CINDY GERARD - New York Times Bestseller


The Bodyguards
Special Projects



take no prisoners - Book No. 2 - "Black Ops Inc. "

Abbie spotted the posterboy the minute she came back from break.  It was hard not to.  The guy was incredible looking.  While she felt a little kernel of unease that he’d turned up again – where she worked this time – she wasn’t going to let it throw her off her stride.

The Vegas strip wasn’t all that big.  Not really.  There were only so many places for people to eat, sleep and gamble.  When he drifted off twenty minutes or so later without so much as looking her way, she chalked it up to coincidence.  Just as she found it coincidental that the tall man with the dark eyes and short dark hair who’d been playing the slot beside the golden boy ambled over to the black jack tables.

Big guy.  The western cut white shirt and slim, crisp Wrangler jeans told her he was a real cowboy.  The kind who made their living in the saddle, not the kind who just dressed the part.   He was confident but quiet with it, she decided as she dealt all around to her full table then cut another glance the big guy’s way.

He stood a few feet back from the tables, arms crossed over a broad chest, long legs planted about a shoulder width apart, eyes intent on the action on the blackjack table next to hers.  On any given night there were a lot of lookers in a casino so it wasn’t unusual that he stood back from the crowd and just watched.  What was unusual was that between deals, her gaze kept gravitating back to him.

What was even more curious was that when one of her players scooped up his chips and wandered off, leaving the third base chair empty, Abbie found herself wishing the tall cowboy would take his place.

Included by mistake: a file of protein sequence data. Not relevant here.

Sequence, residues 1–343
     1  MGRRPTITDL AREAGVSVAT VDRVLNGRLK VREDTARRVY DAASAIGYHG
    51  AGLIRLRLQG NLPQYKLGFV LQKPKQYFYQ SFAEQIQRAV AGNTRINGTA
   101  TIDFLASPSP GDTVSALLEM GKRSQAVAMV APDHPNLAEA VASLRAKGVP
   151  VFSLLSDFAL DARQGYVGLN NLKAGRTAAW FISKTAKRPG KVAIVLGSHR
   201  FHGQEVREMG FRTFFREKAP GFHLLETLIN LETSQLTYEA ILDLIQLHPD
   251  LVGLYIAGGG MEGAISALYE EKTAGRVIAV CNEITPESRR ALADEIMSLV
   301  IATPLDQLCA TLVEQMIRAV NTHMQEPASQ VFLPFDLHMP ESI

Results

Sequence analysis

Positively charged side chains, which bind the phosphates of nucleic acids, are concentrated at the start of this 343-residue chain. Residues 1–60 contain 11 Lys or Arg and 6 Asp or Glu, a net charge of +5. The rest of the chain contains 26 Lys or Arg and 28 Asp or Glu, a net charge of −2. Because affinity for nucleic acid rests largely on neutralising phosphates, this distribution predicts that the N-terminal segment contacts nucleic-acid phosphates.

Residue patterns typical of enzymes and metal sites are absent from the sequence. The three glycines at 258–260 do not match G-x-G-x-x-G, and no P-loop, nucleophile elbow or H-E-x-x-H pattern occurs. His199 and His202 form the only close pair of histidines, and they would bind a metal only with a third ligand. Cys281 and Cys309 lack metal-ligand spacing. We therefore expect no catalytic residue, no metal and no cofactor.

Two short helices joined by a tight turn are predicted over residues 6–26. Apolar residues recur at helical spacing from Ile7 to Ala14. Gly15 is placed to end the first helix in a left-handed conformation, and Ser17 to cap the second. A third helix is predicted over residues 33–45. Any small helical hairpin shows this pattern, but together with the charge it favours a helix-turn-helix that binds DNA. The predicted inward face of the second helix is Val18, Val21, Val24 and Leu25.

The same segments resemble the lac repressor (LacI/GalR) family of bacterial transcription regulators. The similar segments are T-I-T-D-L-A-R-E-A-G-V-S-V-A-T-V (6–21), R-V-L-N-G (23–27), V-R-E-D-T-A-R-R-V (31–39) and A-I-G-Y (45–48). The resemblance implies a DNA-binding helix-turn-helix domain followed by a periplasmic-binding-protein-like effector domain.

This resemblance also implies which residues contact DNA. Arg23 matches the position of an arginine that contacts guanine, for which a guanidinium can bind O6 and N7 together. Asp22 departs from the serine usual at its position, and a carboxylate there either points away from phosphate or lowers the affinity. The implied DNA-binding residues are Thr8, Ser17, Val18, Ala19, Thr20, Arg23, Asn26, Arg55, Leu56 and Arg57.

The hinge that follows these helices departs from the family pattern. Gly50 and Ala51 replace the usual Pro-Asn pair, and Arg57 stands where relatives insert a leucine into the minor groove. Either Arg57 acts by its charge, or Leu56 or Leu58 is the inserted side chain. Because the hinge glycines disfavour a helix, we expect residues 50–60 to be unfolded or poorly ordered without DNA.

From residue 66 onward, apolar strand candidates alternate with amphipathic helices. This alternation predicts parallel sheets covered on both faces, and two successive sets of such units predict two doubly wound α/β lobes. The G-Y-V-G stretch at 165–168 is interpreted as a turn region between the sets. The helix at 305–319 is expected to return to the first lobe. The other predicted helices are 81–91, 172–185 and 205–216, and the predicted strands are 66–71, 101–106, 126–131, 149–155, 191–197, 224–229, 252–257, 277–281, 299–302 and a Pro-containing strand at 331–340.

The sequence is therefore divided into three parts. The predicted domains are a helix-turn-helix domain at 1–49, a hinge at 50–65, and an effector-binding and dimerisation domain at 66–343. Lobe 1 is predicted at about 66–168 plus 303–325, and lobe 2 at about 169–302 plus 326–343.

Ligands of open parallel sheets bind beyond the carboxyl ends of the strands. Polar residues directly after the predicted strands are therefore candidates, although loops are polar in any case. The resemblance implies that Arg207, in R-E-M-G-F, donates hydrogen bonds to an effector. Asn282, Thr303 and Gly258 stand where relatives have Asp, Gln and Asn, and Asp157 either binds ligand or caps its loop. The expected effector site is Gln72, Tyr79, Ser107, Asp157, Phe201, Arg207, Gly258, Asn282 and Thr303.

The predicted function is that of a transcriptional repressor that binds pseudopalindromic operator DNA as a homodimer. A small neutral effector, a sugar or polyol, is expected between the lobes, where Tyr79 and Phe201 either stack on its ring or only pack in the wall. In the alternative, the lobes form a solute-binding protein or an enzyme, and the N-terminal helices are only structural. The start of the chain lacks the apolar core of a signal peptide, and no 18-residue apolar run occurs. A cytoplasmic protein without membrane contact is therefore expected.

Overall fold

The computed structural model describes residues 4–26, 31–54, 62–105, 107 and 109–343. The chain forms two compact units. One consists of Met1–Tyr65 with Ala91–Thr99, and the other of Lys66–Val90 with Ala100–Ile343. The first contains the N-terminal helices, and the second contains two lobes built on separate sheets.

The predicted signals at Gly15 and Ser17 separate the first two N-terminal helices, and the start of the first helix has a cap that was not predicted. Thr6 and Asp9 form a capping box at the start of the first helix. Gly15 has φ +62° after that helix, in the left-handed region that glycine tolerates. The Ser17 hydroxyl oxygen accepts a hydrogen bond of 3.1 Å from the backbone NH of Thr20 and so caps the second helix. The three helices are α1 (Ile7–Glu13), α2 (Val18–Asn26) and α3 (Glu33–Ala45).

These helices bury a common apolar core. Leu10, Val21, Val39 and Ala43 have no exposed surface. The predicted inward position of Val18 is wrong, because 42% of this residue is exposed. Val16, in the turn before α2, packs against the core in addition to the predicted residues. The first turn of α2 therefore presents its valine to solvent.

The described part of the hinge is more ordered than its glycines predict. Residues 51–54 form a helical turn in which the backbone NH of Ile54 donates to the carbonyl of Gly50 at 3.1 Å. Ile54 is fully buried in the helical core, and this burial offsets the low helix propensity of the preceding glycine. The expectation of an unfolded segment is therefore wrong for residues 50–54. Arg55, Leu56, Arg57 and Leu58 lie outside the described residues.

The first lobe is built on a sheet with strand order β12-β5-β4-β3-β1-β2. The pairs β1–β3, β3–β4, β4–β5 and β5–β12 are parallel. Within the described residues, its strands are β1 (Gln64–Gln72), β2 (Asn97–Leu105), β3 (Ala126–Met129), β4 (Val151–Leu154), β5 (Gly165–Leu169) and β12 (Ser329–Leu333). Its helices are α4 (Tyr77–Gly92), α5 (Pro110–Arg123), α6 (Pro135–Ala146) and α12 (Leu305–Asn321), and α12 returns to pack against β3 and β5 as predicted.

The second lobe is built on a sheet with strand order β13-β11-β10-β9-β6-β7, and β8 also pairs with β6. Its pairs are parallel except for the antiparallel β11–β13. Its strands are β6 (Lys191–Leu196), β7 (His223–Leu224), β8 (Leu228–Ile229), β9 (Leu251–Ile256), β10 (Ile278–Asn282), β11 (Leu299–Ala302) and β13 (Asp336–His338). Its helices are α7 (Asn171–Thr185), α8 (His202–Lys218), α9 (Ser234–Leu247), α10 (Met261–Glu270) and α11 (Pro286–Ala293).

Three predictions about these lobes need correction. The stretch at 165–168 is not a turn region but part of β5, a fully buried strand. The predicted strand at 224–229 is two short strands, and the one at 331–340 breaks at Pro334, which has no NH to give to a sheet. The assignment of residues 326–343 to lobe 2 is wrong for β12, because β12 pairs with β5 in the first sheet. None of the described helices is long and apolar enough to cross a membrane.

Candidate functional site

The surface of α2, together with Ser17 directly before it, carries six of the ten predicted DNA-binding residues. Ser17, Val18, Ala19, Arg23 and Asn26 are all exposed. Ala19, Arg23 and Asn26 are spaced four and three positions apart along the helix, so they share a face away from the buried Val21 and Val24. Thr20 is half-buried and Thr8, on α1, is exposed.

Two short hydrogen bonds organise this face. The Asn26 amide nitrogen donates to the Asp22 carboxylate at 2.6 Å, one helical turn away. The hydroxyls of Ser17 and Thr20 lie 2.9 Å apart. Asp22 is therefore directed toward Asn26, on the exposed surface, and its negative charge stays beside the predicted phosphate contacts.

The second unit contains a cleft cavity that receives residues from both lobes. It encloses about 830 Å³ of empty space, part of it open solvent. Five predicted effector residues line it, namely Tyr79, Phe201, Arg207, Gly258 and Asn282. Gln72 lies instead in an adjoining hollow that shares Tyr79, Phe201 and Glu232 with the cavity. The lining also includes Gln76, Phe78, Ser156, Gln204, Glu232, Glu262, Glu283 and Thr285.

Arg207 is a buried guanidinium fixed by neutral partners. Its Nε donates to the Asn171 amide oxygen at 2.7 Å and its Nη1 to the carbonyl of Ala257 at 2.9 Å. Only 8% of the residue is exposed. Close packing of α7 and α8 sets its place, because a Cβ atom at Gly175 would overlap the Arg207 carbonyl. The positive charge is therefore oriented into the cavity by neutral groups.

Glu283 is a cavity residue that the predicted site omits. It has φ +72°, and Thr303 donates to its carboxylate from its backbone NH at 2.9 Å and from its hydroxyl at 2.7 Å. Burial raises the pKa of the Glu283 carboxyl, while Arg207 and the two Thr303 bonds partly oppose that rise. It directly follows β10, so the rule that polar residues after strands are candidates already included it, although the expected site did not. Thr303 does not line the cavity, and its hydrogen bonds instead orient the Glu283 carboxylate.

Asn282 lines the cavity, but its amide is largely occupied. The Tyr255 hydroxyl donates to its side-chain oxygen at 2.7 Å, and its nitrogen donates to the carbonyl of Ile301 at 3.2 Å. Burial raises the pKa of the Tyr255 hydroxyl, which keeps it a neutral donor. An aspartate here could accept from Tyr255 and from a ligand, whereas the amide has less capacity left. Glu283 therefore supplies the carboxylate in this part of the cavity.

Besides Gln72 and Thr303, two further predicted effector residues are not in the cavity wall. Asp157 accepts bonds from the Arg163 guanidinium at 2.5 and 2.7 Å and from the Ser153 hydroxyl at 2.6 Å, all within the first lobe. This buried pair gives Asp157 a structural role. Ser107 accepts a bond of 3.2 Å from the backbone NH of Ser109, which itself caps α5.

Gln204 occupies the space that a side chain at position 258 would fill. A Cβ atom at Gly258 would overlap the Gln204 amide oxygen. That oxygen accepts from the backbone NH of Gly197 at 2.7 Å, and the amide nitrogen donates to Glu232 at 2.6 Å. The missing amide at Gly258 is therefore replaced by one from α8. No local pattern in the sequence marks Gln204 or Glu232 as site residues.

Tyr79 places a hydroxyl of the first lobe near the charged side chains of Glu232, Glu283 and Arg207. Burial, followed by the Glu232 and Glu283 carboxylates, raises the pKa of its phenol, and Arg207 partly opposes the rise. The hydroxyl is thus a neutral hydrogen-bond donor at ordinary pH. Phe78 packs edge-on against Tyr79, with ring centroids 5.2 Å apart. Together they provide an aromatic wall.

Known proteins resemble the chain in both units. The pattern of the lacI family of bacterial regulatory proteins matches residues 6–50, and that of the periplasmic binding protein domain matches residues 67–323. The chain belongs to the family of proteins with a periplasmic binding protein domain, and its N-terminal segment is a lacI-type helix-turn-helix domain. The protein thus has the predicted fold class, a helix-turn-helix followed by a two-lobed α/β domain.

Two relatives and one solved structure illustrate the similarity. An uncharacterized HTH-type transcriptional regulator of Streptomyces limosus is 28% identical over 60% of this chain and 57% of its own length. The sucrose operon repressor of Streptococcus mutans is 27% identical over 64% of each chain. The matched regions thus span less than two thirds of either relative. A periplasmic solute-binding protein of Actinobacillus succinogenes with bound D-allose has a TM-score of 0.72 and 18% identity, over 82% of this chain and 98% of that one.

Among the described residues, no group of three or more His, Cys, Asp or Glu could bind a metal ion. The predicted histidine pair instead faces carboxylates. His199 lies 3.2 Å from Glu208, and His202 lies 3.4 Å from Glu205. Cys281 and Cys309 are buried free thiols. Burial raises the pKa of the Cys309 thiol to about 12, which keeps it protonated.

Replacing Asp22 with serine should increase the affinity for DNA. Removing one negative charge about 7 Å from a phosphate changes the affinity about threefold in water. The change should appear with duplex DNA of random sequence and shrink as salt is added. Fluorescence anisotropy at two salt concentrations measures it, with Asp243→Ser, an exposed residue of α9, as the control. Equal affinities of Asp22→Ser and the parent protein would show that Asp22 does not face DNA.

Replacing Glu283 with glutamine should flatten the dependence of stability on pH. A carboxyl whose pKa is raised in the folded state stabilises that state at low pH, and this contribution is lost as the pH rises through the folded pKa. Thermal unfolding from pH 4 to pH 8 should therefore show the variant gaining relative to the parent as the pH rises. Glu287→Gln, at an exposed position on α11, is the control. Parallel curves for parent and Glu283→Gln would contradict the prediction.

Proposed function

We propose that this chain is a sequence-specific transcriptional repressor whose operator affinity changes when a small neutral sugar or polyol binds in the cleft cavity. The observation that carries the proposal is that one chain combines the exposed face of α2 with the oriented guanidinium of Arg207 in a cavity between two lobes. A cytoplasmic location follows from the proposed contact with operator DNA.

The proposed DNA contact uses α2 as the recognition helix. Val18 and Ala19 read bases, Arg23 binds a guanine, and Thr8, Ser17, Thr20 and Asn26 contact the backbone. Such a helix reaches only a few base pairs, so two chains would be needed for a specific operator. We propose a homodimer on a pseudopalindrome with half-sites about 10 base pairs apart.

What was up with that?  And what was up with the little stutter step of her heart when he ambled over, nodded hello and eased his lean hips onto the chair.

“Howdy,” she said with what she told herself was a standard, welcoming smile.

He answered with a polite nod as he reached into his hip pocket and dug out his wallet.  When she’d paid and collected bets all around, he tossed a hundred dollar bill onto the table.

Abbie scooped it up, counted out one hundred in chips from the chip tray, then spread them on the green felt table top for him to see.  After he’d gathered them in and stacked them in front of him, she tucked the hundred into the slot in front of her.

“Place your bets,” she said to the table of seven, then dealt the first round face-up from the shoe.  When all players had two cards face up, she announced her own total.  “Dealer has thirteen.”

Her first base player asked for a hit, which busted him.  When she got to cute quiet cowboy, he waved his hand over his cards, standing pat with eighteen.

You could tell a lot about a person from their hands.  Abbie saw a lot of hands – polished and manicured, dirty and rough, thin and arthritic.  The cowboy’s hands were big, like he was.  His fingers were tan and long with blunt, clean nails, not buffed.  Buffed, in her book, said pretentious.  His were not.  They were capable hands.  A working man’s hands, with the occasional scar to show he was more than a gentleman rancher.  Plenty of calluses.  He dug in. 

She liked him for that.  Was happy for him when she drew a king, which busted her.  “Luck’s running your way,” she said with a smile as she paid him.

He looked up at her then and for the first time she was hit with the full force of his smile.  Shy and sweet, yet she got the distinct impression there was something dark and dangerous about him.

Whoa.  Where had that come from?  And what the heck was going on with her?